The Regnerus study is going to court.
I wrote about the study previously here and here, and 200 researchers signed a letter about it. The claim of the study is that gay fathers and lesbian mothers are bad for children, and the basic critique is that the study doesn’t address that question (and, what it does address, it does poorly).
The paper was rushed into print with fanfare and press releases, just in time for it to be referenced in the case of Golinski v. United States Office of Personnel Management, in which the federal Defense of Marriage Act is being challenged, currently before the Ninth Circuit Court of Appeals. In fact, as Neal Caren pointed out to me, the brief was filed the day after the study was published online, June 11. (On a related DOMA case, here’s my take.)
That reference came in a brief submitted by the American College of Pediatricians (not to be confused with the American Academy of Pediatrics). Taking Regnerus at his word that the study actually measured outcomes associated with “gay fathers” and “lesbian mothers,” they wrote:
A brand new study in the peer-reviewed journal Social Science Research uses a large random national sample to assess these outcomes. The study is based on interviews with 3,000 respondents, 175 of whom were raised by two women and 73 by two men. It looked at “social behaviors, health behaviors, and relationships” comparing child outcomes (as reported by the adult children rather than by those who raised them) among various groups including married biological parents (labeled as IBF for “intact biological family”) and children raised by same-sex couples (labeled LM for lesbian mothers and GF for gay fathers). On the forty outcomes measured, there were significant differences between those in the IBF and LM groups on twenty of those measures (the smaller sample size for fathers did not allow for as many findings of significance). Some of the statistically significant differences where children raised by two women fared worse than children raised by married biological parents included: cohabitation (9% of the IBF and 24% of the LM group), receiving welfare while growing up (17% of the IBF and 69% of the LM group), currently receiving public assistance (10% of the IBF and 38% of the LM group), current employment (49% of the IBF and 26% of the LM group), current unemployment (8% of the IBF and 28% of the LM group), having an affair while married or cohabiting (13% of the IBF and 40% of the LM group), having been touched sexually by a parent or other adult (2% of the IBF and 23% of the LM group), and ever having been forced to have sex against their will (8% of the IBF and 31% of the LM group). In addition, the children raised by two women were significantly less likely to identify as heterosexual (90% of the IBF and 61% of the LM group). Other measures where the children of same-sex couples had significantly greater experience than the children of married biological parents include marijuana use, smoking, being arrested, and numbers of sex partners.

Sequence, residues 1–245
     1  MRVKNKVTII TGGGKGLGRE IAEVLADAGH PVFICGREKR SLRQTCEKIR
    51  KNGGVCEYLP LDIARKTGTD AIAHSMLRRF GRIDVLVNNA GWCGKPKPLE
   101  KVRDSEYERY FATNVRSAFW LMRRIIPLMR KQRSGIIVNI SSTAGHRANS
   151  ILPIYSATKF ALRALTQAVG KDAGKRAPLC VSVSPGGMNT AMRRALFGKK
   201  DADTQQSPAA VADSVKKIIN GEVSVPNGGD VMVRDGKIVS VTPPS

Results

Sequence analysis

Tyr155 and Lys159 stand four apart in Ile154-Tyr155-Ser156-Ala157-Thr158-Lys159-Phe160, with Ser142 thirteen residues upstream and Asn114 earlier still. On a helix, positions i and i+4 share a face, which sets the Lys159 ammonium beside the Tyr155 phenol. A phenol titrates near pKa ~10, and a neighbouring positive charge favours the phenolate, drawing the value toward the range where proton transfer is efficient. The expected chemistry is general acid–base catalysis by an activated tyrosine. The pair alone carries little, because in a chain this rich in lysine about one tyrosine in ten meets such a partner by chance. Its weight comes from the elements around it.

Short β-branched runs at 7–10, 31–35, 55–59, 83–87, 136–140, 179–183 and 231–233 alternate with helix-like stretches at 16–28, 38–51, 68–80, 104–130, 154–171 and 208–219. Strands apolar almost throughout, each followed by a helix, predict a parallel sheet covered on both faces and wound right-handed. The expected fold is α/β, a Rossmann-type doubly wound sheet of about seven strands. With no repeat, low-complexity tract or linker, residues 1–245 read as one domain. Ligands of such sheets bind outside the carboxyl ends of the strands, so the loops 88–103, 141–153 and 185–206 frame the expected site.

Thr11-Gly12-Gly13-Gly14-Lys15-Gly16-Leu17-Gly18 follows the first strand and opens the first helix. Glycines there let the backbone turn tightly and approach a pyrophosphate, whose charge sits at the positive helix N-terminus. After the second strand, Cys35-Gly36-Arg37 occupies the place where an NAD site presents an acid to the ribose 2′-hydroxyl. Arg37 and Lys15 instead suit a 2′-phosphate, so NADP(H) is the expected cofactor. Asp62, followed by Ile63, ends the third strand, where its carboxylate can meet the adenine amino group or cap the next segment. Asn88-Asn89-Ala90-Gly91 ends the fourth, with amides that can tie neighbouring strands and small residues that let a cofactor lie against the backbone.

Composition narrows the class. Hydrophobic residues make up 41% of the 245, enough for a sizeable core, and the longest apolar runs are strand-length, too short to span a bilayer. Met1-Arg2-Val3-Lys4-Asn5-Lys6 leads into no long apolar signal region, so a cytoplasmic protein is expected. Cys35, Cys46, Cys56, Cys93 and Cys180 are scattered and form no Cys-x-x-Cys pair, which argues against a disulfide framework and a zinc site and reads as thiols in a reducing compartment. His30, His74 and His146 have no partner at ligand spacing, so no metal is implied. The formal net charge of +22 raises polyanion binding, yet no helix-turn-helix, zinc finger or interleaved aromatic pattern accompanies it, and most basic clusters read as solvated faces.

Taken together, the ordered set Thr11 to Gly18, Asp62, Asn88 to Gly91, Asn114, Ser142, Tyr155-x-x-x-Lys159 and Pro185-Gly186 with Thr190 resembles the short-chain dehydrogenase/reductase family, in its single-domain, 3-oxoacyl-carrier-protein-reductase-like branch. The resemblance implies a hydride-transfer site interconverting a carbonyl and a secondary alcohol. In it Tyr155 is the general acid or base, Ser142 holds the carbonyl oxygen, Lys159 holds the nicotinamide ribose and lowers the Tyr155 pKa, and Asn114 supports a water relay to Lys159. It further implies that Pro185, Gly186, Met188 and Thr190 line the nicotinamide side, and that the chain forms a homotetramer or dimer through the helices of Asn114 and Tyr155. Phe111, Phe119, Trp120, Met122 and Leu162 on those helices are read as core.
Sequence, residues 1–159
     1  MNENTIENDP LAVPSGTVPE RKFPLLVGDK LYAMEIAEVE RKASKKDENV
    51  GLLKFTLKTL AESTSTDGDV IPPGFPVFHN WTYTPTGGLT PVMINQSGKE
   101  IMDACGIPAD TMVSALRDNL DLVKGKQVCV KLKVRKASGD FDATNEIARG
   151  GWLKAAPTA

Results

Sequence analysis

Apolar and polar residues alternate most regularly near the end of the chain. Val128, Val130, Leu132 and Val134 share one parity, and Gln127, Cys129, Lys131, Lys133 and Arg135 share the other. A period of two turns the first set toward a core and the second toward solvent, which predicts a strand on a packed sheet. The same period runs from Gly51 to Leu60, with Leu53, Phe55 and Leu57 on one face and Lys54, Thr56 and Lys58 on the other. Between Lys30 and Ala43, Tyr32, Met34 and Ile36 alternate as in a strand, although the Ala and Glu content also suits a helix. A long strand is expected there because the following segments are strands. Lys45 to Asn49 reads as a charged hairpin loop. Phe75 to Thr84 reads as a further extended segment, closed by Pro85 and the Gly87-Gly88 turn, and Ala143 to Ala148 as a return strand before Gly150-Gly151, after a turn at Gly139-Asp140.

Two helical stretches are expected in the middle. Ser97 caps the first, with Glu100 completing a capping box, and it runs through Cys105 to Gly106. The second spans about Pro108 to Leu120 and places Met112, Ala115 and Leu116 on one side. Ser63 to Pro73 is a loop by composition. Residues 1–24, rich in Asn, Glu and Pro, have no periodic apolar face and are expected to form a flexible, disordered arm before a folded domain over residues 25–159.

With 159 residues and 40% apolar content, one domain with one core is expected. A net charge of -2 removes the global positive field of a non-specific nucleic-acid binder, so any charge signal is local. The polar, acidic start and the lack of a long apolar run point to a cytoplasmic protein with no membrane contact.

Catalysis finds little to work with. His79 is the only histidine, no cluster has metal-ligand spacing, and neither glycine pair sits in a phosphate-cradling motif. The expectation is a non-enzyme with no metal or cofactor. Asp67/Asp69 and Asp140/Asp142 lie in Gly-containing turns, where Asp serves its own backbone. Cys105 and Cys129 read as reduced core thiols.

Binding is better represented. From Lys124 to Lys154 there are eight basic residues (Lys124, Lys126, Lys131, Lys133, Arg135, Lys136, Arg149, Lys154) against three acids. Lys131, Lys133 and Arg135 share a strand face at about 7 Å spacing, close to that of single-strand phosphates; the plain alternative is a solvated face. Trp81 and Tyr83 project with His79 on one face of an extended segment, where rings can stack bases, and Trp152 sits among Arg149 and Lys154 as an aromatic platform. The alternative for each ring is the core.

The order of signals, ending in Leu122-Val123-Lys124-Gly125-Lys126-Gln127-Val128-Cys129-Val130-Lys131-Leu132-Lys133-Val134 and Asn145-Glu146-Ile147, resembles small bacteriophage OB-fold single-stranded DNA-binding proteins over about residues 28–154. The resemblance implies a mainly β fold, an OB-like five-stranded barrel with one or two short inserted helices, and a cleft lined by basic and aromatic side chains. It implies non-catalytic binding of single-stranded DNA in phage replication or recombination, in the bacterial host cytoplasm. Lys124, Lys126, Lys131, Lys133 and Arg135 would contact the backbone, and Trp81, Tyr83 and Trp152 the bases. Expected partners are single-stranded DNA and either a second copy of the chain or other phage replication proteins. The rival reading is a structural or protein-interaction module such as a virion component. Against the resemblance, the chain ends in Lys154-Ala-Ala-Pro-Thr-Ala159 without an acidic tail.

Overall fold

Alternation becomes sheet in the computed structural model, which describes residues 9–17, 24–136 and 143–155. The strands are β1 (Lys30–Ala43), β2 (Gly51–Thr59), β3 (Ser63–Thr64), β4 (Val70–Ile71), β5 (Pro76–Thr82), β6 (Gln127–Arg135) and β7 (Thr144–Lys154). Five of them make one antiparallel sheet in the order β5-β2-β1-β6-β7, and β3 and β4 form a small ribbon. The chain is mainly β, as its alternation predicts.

In response, a brief by the American Psychological Association and others offered this correction:
Amicus American College of Pediatricians – not to be confused with amicus herein, the American Academy of Pediatrics – seriously mischaracterizes a recent study (“the Regnerus study”) as having compared children of married heterosexual parents with those “raised by same-sex couples.” Amicus Brief at 6. The Regnerus study placed participants (individuals between the age of 18 and 39) into one of eight categories, six of which were defined by the family structure in which they grew up — e.g., married biological parents, divorced parent, divorced but remarried parent, etc. There was no category for “same-sex couple.” Instead, the final two categories included all participants, regardless of family structure, who believed that at some time between birth and their 18th birthday their mother or their father “ever ha[d] a romantic relationship with someone of the same sex.” Hence the data does not show whether the perceived romantic relationship ever in fact occurred; nor whether the parent self-identified as gay or lesbian; nor whether the same sex relationship was continuous, episodic, or one-time only; nor whether the individual in these categories was actually raised by a homosexual parent (children of gay fathers are often raised by their heterosexual mothers following divorce), much less a parent in a long-term relationship with a same-sex partner. Indeed, most of the participants in these groups spent very little, if any, time being raised by a “same-sex couple.” Hence the Regnerus study sheds no light on the parenting of stable, committed same-sex couples – as Regnerus himself acknowledges – and thus it is gravely misleading to say, as the American College of Pediatricians does (p. 6), that the study involved 175 participants who “were raised by two women and 73 by two men.”
What is an association to do?
Should the American Sociological Association get involved?
Last year there was a spirited debate on the blogs and around the ASA about the ASA’s brief intervening in the Wal-Mart class-action discrimination case. See it at Orgtheory here, here, and here; and at Scatterplot here.
The association can take a minimal approach and simply point out that the Regnerus study doesn’t support the claims it’s carrying here, or it can take a maximal approach and evaluate the research on homogamous-couple parenting, as the APA and other organizations have done. Or it can do nothing.
It seems to be too late to submit something to the Ninth Circuit on the Golinksy case, but if it goes to the U.S. Supreme Court, or when one of the other marriage rights cases rises to this level, the opportunity — or obligation — will arise again.